Boot manufactures along with many retailers have adopted a crampon compatibility scheme to try to clarify which boot models are capable of taking which types of crampons.

The boot grading goes from B0 to B3 and crampons go from C1 to C3. B0 boots aren’t suitable with crampons and a B1 boot is only compatible with a C1 crampon etc (see table below)

 C1 CramponsC2 CramponsC3 Crampons
B0 bootsNoNoNo
B1 bootsYES (see notes on boots)NoNo
B2 bootsYesYesNo
B3 bootsYesYesYes

C1 crampons are the flexible walking type, which have a flexible shank connecting the front and rear sections of the crampon. Their attachment is by either straps or a plastic cradle/strap system (less fiddly). They do not involve a toe bale (wire) or heel clip arrangement. They usually have between 8 and 12 points.

C2 crampons (a.k.a. Hybrid Crampons) at least articulate between the front and rear portions of the crampon whether this is through being able to pivot around at a particular point or more commonly through a flexible shank again. Their attachment to the boot is via a heel clip arrangement and a plastic cradle/strap (for the toe). They’re generally a lot less fiddly to put on when hands are cold. They have 12 points with the front 2/4 at an aggressive somewhat forward pointing (lobster claw) angle and are suitable for general mountaineering and winter climbing. I recommend this type providing your boot is of adequate stiffness.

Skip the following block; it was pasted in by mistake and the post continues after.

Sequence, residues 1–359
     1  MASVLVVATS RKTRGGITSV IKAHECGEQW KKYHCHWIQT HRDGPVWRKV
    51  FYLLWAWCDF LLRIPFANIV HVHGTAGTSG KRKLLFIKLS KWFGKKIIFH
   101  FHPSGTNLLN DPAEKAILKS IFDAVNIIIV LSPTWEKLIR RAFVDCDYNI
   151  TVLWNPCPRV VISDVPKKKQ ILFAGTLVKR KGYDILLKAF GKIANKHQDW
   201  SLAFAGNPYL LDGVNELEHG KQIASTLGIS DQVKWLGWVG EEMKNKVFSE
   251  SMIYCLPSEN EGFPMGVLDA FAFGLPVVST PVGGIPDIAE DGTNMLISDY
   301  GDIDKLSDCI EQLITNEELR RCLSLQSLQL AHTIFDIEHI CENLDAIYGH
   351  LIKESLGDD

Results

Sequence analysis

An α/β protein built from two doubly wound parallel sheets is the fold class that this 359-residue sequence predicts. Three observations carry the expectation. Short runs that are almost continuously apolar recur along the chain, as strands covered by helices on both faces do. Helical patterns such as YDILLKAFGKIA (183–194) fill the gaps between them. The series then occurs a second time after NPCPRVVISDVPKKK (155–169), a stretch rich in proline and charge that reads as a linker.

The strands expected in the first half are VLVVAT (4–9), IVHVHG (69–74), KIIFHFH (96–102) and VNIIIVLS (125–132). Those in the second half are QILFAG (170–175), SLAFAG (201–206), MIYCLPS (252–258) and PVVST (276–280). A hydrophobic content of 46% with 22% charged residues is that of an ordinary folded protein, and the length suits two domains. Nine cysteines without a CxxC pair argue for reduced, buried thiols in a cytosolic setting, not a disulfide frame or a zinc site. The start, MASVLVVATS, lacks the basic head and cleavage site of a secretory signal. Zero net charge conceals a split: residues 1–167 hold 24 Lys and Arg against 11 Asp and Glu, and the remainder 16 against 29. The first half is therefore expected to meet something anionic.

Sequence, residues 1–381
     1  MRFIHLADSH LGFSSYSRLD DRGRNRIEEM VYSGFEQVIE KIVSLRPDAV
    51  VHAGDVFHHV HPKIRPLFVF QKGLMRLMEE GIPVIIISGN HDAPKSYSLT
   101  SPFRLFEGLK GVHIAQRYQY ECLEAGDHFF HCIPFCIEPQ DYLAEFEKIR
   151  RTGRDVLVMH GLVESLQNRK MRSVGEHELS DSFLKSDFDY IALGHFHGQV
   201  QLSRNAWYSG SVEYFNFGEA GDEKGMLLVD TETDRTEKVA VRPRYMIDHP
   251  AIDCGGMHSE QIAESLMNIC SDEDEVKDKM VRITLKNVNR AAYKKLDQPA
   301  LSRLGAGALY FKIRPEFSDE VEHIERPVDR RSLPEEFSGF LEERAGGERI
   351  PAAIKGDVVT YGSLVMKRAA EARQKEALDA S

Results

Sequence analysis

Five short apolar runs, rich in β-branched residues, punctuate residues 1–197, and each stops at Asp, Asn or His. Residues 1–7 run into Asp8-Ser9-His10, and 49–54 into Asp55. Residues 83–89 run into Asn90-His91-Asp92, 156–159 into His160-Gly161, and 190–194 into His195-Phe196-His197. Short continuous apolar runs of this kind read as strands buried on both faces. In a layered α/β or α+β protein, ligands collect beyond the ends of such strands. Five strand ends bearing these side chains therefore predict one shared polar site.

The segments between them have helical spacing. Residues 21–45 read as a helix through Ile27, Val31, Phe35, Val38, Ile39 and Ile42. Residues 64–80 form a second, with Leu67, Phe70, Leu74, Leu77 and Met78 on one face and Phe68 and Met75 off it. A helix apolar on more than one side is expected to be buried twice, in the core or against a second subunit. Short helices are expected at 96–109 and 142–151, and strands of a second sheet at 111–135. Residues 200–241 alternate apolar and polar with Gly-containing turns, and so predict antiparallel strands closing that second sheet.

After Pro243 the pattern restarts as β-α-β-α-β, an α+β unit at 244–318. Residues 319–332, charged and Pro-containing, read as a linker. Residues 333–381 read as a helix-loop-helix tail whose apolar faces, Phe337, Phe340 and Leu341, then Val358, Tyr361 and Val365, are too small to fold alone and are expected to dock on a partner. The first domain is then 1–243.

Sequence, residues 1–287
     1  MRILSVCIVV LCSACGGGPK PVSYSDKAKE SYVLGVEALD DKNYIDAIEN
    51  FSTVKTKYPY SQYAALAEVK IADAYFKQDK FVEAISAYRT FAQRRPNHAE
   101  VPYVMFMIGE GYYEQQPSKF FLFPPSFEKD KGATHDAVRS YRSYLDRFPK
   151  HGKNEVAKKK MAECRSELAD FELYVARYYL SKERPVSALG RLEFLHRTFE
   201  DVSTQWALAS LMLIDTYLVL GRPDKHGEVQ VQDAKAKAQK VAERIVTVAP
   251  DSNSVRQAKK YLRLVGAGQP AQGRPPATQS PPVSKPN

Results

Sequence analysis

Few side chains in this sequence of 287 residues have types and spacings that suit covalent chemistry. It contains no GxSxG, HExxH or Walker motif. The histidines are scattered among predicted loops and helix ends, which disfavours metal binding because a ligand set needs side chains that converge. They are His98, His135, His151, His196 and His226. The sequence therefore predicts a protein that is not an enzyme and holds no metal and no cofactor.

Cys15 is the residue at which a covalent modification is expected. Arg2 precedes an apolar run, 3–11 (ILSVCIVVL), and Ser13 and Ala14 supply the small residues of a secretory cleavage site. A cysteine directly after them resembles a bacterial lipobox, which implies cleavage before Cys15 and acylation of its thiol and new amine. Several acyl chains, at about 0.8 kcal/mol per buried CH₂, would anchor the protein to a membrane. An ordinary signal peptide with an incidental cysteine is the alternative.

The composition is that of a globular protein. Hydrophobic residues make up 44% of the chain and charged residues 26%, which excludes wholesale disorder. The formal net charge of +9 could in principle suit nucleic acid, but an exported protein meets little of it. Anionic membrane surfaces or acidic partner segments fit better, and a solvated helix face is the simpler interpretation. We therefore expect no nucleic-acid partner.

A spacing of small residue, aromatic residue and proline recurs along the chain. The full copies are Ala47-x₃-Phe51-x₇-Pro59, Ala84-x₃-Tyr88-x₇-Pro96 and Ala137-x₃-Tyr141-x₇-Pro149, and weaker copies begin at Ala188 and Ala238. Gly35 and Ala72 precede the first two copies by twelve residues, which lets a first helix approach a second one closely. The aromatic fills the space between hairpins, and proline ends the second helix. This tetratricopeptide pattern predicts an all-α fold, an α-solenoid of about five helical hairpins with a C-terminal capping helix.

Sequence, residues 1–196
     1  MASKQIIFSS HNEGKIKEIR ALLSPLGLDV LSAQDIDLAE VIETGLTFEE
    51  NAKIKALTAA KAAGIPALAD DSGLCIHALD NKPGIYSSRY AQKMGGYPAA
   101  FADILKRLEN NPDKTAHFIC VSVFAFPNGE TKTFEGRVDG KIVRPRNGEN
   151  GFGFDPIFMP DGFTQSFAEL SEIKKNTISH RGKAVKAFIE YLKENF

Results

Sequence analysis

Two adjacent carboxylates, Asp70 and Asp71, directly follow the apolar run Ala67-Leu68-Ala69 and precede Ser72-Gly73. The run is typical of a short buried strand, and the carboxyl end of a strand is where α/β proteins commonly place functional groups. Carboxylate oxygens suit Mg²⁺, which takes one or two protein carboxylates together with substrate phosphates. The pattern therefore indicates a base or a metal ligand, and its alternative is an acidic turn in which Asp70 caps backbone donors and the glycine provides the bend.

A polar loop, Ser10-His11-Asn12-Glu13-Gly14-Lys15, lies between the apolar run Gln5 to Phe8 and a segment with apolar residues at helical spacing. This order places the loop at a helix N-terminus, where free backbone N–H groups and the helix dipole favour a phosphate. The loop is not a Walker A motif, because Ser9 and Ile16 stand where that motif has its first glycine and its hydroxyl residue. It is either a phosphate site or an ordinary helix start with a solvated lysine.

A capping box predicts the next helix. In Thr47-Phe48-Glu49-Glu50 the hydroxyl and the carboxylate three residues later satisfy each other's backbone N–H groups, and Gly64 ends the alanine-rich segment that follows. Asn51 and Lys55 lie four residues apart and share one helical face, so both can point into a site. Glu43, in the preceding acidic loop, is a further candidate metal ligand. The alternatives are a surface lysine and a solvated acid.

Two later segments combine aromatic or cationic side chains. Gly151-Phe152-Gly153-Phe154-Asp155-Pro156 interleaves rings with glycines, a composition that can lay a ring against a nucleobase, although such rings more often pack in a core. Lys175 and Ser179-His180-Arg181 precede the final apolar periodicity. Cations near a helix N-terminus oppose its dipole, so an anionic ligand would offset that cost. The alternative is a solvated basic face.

C3 crampons are designed for a fully rigid boot with hard technical ice climbing in mind and are not very well suited to being used as a general mountaineering crampon.

C1 and C2 crampons now days have a horizontal ‘frame’ with the points having been bent down in their construction. This is as opposed to a vertical frame where the points extend down. The latter type tends to ‘ball-up’ far more readily thereby rendering the points ineffective. Balling-up is the phenomenon by which, in certain snow conditions, snow builds up on the underside of the crampon/boot sole thereby rendering the points ineffective. In the boot/crampon system the boot should provide the rigidity or the life of the crampon is likely to be greatly reduced.

Most crampons now automatically come fitted with anti-ball plates due to it being law in France. These are pieces of rubber, which attach to the crampon and don’t allow the snow to stick. Alternatively the problem can be dealt with by banging the shaft of your ice axe against the side of your boot though this is a hassle and can slow the pace considerably. It is definitely preferable to have anti-ball plates.